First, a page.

In the world of American birth control, the condom is still king, according to a federal report released Thursday.
An overwhelming 99 percent of 53 million sexually experienced women of reproductive age said they have used at least one kind of contraception in their lives, and 93 percent of women said they used condoms during intercourse.
This widespread use of condoms is “one of the most striking changes” seen in U.S. contraceptive trends, said Kimberly Daniels and her colleagues at the National Center for Health Statistics, an agency in the Centers for Disease Control and Prevention.
In 1982, for instance, 52 percent of sexually experienced women said they had used condoms.
But by 1995, condom use had jumped to 82 percent — possibly because of the years of “use-a-condom” public announcements related to the battle against AIDS — and by 2010, usage reached 93 percent, said the federal researchers, citing data from various years of the National Survey of Family Growth.
The birth-control pill is the second most popular method, with 82 percent of sexually experienced women younger than 44 saying they used such a product.
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Some modern methods, such as sponges, suppositories, female condoms and cervical caps, are rarely used.
About 12 million women said they used “periodic abstinence, calendar rhythm” or “natural family planning” to avoid pregnancy in 2010.
A second National Survey report, also released Thursday, found that about 11 percent of sexually experienced women, ages 15 to 44, had used “emergency contraception” to prevent pregnancy by 2010.
This was almost three times the number of women in 2002 who said they had used such a product, which is designed to help a woman avoid pregnancy after unprotected sex. Emergency contraception is available to women 17 and older without a prescription; many women’s health groups want products sold over the counter, without restrictions.
These federal reports on contraceptive use arrive amid a national debate on the issue.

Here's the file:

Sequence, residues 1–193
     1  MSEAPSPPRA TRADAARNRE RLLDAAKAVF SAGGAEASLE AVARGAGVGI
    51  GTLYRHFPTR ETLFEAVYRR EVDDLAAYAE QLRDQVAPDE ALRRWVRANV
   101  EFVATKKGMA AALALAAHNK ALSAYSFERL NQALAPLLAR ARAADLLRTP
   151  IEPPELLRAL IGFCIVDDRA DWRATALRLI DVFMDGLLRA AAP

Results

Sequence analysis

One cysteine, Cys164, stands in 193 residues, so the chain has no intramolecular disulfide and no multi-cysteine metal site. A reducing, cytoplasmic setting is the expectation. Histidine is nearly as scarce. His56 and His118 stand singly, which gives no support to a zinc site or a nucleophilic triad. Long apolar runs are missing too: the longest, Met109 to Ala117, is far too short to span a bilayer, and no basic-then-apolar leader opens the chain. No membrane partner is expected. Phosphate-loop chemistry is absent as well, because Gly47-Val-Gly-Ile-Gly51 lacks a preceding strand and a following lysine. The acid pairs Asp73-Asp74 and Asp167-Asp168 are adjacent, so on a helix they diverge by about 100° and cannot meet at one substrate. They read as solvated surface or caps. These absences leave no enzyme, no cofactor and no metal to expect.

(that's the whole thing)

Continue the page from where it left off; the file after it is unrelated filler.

Women’s rights groups, their allies in Congress and the Obama administration are determined to deliver birth-control products without co-pays to women, via the Affordable Care Act.
But dozens of employers have filed lawsuits against the federal government, saying they do not want to be forced to violate their religious convictions by paying for health-insurance coverage for their employees’ birth-control products, including “emergency contraception” products that might act as abortifacients.
The report shows that contraception use is already widespread — 88 percent of women have used a “highly effective, reversible” birth-control method, such as a pill, patch, injection or intrauterine device — and that such birth control is used by vast majorities — from 84 percent to 91 percent — of women of Catholic, fundamentalist and mainline Protestant faiths.
Millions of women also abandon birth-control methods — but most commonly because of “side effects,” not monetary or insurance reasons.
For instance, of the 13.6 million women who stopped using birth-control pills from 2006 to 2010, 63 percent did so because of “side effects.” Only 3.4 percent said it was because the pills were “too expensive,” while less than 3 percent said it was because of lack of insurance.
Another 4.6 million women stopped using condoms, citing decreased sexual pleasure (43 percent) or that their male partners didn’t like them (41 percent).